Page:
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  #1  
Unread 05-17-2017, 11:56 AM
Trainer294 Trainer294 is offline
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Join Date: May 2015
Posts: 43
Default Apparently I Got Prostatitis. Just How Bad Are Quinolones For Tendons?

So apparently I have prostatitis, which hopefully none of you get. It F'in sucks.

I tried to avoid quinolones because of all the stuff you see about weakening/altering tendons.

There are only 2 drugs to take it and I can't tolerate the non-quinolone. So now I don't think I have a choice but to take Cipro.

To top it off the doc said it could be recurrent and only has about a 30% success rate. I don't really think I have any options left.

I know this isn't a medical board, however maybe some of you have some experience/opinions on this stuff.

Im pretty worried to take this stuff as i already get lots of tendonitis but it's looking like I don't really have a choice.

So are they really that bad for tendons? Is there anything I can take to help offset the side effects? Also once I stop taking them will my tendons go back to normal. The doc and pharmacists say its only while on them, however from what i have read I don't know about that.
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  #2  
Unread 05-17-2017, 12:18 PM
loc loc is offline
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Join Date: Jun 2011
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Just took a quick look on UpToDate, which generally has good research on this stuff and a lot of docs use it. From what I found, in a database study of 6.4 million patients, 28,907 cases of Achilles tendinopathy and 7685 cases of tendon rupture were identified. It's worse if you're older. So not super common, but not uncommon either.

Here are some recommendations that they have:

Measures for patients on fluoroquinolones The risk of fluoroquinolone-associated tendon problems is low. However, for athletes or highly active patients who require fluoroquinolone treatment, it is reasonable to take precautions to reduce the risk of Achilles tendinopathy or tendon rupture. High quality evidence to determine what measures are most effective is lacking, but the following steps are reasonable [71]:

●Beginning with the first fluoroquinolone dose, athletes should reduce their training volume and intensity and maintain these reductions throughout the course of antibiotics. No high intensity training or ballistic activities (eg, sprinting, jumping, full speed scrimmages or competition) are permitted until two to four weeks after the completion of fluoroquinolone therapy.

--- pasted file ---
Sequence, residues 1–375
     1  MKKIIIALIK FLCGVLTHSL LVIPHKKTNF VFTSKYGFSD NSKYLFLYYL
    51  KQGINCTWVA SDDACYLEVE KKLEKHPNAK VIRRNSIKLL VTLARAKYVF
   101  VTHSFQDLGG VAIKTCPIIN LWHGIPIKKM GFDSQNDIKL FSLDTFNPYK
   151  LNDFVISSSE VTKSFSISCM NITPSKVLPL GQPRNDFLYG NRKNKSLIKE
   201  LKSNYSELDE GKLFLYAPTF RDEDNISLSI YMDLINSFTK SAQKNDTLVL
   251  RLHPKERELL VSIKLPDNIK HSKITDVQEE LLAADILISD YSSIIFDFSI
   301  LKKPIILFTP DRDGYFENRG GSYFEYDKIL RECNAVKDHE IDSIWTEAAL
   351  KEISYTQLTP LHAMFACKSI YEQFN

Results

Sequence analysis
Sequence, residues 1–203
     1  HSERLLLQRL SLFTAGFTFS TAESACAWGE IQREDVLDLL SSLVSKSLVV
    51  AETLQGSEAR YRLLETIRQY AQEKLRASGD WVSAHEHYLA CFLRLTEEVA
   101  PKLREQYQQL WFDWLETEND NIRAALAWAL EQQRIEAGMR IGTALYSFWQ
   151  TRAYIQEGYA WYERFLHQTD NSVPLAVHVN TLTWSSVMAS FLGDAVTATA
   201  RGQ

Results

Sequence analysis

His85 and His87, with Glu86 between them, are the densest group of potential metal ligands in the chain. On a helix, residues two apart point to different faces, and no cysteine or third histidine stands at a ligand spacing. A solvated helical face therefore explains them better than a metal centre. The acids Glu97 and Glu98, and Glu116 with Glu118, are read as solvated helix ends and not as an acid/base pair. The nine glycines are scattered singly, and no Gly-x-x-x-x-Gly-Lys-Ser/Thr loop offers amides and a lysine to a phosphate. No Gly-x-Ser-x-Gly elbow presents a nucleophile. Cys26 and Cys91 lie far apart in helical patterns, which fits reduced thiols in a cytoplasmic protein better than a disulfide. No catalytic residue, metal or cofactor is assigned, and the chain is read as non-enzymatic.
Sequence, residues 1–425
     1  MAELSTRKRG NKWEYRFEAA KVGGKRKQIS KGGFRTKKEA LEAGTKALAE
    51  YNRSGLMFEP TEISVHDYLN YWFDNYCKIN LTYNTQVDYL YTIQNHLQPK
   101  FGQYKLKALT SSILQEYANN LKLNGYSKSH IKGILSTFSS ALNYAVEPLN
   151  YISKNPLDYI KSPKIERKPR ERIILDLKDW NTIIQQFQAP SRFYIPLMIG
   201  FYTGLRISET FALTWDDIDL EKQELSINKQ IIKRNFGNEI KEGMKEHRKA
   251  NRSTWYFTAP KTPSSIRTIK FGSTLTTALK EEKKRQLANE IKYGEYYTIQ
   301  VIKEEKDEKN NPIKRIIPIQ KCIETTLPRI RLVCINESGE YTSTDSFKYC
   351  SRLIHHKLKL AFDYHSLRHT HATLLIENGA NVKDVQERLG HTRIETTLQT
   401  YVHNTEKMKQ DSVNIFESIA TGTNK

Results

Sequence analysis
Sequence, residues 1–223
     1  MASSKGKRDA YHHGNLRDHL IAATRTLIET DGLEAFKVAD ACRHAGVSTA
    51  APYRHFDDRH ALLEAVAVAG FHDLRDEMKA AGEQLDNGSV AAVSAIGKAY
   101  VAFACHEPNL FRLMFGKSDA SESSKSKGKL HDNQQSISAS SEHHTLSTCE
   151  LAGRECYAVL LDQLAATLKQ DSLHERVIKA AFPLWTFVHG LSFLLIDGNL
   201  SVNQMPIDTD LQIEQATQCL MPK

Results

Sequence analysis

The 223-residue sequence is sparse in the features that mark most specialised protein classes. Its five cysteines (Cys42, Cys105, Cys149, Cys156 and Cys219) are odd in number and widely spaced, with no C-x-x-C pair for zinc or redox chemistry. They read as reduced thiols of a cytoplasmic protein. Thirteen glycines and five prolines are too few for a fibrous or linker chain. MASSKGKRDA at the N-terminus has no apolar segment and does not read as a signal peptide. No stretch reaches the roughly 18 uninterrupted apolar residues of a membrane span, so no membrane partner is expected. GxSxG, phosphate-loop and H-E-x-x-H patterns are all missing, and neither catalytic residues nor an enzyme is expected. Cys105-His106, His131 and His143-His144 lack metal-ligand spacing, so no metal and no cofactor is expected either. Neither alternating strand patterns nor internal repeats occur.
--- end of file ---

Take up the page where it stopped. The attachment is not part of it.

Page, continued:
●Runners should decrease total mileage to 60 percent of normal training volume for the first seven days of therapy, and hill and speed interval training should be avoided. Runners who remain free of symptoms two weeks after the completion of therapy may increase mileage by 10 percent per week but should not implement speed or hill training for two additional weeks. If they choose to race during this time they should be informed of the relatively higher risk of Achilles rupture.

●Athletes who participate in field sports (eg, soccer, football) or other multidirectional activities (eg, tennis) that increase the risk of Achilles injury may choose to resume normal activity and competition during weeks two to four after the completion of fluoroquinolone therapy. However, it is best to increase activity gradually, and athletes who resume full activity sooner than four weeks should be informed of the higher relative risk of Achilles rupture.

●Athletes who have no symptoms during therapy and complete the full course of the antibiotic can begin a graduated return to full activity as described above but should monitor themselves closely for any musculoskeletal symptoms at or around the Achilles tendon. They should cease all athletic activity should symptoms develop during this period and be assessed by a knowledgeable clinician. Assuming there is no injury, they may resume a graduated return to full activity once symptoms resolve.

●Athletes who develop symptoms or tenderness around the Achilles while taking a fluoroquinolone antibiotic or in the first three to six months after beginning this treatment merit objective evaluation, preferably with musculoskeletal ultrasound to assess for findings of tendinopathy or other injury. Individuals with findings suggesting tendinopathy typically require an eccentric exercise rehabilitation program and possibly adjunctive therapy. Their return to play depends upon clinical response and averages 6 to 12 weeks.
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  #3  
Unread 05-20-2017, 11:55 PM
Voodoo Voodoo is offline
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I've taken cipro a lot over my life. I can't take it at all anymore. One dose and I'm practically in agony and almost crippled because of the effects on the tendons. My knee area and Achilles become extremely painful, just the slightest minuscule move is agonizing. Bear in mind, this is from long term use, many years of cipro.

Not trying to scare the living bejesus out you, but it's not the only treatment option available. Take it up with your doc, if it's keeping you awake at night.
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